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MMD > Archives > September 1998 > 1998.09.11 > 08Prev  Next


Testing Pouch Sealants
By Craig Brougher

On page 177 in my book, The Orchestrion Builder's Manual, I recom-
mend both rubber cement and silicone grease.  Phil's suggestion,
using silicone rubber, may also be very good.  I tried egg white, too.
Too stiff for reproducers, but okay otherwise.

What you seal a pouch with isn't really all that important in a player
piano, an orchestrion, a band organ, a large organ, etc.  Whenever you
are working with moderately "large" pressures or large pouches, use
whatever you like (as long as it doesn't migrate, vaporize, get hard,
turn to powder, or whatever).  However, in a reproducing piano, your
choices are critical if you test valves at 3.5 to 4 inches of vacuum.

For those who want to know, for sure, what they're doing, I suggest
this test -- not that it's going to convince anybody otherwise, but
just for your own information:

1.  Counterbore four 1-inch diam. holes about 3/16" deep in a 1/2"
thick board.

2.  Place four pouch leathers (same thickness) over the holes and
overdip them enough that the "control" pouch without any sealant
on it will stand on its own stiffness.

3.  Glue to the centers of each pouch a little "cup", 1/2-inch diam.,
made from pre-formed aluminum foil (real light).

4.  Seal three pouches with the stuff you choose, in the way you want
to use it.

5.  Inflate all four pouches so they stay standing above their wells
with their little cups.

6.  Start laying lead bird shot with tweezers, gently, one at a time,
into the little cups until they begin to drop.  From this point on,
it's your call.

I think that everybody will see that all sealants create stiffness,
including silicone grease.  That isn't the point.  It's the degree of
tradeoff that's important.  The stiffness factor versus the tightness
factor equates to the "sensitivity" of the pouch.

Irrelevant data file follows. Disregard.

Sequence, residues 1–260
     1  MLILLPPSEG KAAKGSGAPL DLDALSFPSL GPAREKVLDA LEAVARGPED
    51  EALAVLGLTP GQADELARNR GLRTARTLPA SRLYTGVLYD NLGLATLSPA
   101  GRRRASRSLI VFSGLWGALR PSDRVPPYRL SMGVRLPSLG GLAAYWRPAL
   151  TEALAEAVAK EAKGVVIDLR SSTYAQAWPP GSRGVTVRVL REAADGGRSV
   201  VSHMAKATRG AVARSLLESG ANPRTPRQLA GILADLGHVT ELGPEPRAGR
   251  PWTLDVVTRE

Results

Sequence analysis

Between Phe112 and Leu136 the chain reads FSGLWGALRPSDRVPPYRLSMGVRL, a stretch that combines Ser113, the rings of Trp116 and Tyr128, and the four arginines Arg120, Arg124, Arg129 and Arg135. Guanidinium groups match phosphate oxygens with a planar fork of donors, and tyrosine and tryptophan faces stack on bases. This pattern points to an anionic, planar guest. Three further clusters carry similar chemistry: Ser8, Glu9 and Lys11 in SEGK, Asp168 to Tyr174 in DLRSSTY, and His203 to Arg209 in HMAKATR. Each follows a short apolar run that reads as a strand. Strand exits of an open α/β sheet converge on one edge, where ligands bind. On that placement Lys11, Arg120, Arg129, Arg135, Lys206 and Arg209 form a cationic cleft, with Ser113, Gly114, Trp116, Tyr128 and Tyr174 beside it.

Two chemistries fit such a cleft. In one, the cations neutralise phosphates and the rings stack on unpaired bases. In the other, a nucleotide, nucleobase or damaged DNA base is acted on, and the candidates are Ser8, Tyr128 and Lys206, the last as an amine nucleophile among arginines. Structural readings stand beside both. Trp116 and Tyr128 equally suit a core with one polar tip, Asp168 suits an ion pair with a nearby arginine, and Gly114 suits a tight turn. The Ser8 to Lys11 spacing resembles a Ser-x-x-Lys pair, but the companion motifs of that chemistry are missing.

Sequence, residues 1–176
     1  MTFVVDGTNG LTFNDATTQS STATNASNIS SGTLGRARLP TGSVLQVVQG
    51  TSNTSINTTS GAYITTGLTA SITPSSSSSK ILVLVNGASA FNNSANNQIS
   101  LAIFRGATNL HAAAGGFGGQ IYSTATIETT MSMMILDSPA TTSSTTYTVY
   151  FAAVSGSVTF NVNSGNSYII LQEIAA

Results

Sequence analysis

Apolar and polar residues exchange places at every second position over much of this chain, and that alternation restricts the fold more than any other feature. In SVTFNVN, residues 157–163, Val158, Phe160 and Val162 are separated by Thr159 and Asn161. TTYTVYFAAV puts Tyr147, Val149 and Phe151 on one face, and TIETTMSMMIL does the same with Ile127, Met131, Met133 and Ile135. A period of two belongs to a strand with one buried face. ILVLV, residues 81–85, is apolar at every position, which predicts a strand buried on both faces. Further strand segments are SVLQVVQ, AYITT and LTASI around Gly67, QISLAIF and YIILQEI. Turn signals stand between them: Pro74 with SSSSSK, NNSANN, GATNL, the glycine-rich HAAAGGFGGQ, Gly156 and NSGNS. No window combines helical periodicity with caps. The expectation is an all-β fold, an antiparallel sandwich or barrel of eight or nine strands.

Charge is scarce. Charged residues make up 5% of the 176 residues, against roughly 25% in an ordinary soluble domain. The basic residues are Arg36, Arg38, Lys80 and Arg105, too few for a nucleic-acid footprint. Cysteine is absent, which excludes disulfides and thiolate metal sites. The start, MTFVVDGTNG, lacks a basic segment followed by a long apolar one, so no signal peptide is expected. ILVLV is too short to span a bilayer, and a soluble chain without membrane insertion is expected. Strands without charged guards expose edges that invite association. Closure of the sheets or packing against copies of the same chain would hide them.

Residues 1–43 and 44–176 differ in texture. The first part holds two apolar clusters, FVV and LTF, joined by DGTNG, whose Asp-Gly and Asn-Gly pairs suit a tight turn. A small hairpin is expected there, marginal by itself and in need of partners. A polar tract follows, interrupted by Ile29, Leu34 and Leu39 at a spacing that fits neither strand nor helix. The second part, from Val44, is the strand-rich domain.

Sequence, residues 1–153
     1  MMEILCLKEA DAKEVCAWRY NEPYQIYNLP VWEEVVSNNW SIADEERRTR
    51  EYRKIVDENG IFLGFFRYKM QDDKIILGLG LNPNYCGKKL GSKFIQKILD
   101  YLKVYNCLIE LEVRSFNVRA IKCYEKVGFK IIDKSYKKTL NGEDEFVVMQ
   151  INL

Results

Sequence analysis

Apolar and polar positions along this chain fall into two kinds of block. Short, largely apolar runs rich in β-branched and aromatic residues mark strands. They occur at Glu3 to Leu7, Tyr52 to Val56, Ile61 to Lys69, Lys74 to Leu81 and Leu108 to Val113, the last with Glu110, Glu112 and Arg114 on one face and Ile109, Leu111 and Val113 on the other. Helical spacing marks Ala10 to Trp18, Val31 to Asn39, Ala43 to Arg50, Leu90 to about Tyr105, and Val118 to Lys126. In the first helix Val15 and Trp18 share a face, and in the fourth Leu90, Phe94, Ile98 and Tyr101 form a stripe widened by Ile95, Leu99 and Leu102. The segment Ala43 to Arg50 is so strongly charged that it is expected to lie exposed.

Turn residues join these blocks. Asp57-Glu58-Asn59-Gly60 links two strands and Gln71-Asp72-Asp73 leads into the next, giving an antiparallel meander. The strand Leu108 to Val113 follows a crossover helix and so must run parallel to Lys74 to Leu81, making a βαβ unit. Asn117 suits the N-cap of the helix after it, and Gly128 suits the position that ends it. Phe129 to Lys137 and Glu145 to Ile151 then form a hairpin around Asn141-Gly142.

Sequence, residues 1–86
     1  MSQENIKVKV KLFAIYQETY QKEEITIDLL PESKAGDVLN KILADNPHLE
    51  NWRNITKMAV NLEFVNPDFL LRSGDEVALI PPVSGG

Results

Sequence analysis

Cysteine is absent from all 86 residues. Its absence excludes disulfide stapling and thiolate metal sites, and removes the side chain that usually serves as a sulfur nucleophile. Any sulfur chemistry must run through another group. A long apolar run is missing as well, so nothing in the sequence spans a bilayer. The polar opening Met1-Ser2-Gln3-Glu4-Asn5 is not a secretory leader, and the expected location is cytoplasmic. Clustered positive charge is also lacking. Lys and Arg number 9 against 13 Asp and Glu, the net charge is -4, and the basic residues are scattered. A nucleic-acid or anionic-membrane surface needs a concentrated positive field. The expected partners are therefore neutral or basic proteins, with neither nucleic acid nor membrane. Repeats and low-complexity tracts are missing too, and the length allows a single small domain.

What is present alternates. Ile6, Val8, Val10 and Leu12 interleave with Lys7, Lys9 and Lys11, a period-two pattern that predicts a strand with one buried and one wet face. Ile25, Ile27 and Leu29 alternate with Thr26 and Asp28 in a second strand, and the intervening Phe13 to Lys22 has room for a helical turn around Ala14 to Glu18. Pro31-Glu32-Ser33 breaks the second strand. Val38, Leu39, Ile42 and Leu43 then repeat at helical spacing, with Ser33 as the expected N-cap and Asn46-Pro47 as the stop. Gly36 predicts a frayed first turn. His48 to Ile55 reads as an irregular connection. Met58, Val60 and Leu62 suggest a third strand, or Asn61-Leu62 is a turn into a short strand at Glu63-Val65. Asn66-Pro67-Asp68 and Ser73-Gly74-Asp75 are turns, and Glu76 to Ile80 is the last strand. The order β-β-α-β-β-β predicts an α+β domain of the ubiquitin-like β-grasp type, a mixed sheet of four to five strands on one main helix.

Since a poppet returns with something equivalent to 1/5th (or less) the
force it took to raise it (actuation force), the stiffness of the pouch
becomes a factor as soon as the valve stem contacts the pouch again and
tries to help deflate it on the way down.  I don't know the ratios
involved here and have never seen them explained (since sealing a pouch
only helps it actuate more sensitively) but it must become the tradeoff
in valve repetition speed with any player system.  However, the proof
is always in the valve operation, and every valve type is a bit
different.

By the way, pure silicone grease DC111 will not migrate.  That is not
true of all of them.  Grease compounds containing silicone are no good
at all, having a vapor pressure.  When the oil separates from the soap,
then it will leach into the surrounding wood.  DC111 is designed to
seal valve packing materials in harsh environments: high/low
temperatures and pressures.

Packing is considerably more porous than wood side grain, and if
this grease leached down through that packing, it would no longer be
serviceable and would allow blow-by and leakage.  Any sealant will
contaminate end grain, by the way.  I don't say it won't.  But I have,
over the years, replaced probably hundreds of pouches that weren't
flexible enough to pass valve tests and which had been sealed with
silicone grease.  No problems.

If you use rubber cement, I strongly suggest that you use a "leather"
cement designed for belts and sole cement, since it has been compounded
to be waterproof and will last much longer than general purpose cement
used for party favors and kindergarten supplies.

Craig Brougher

 [ That seems a good test, Craig; thanks for the description.  If the
 [ up/down forces could be measured and plotted I think the curves would
 [ resemble the curves which describe the force (and hysteris) of a
 [ small push-pull switch.  I'm reminded of the measurements made by
 [ Clarence Hickman on the friction of the piano action.  -- Robbie


(Message sent Fri 11 Sep 1998, 13:42:21 GMT, from time zone GMT-0500.)

Key Words in Subject:  Pouch, Sealants, Testing

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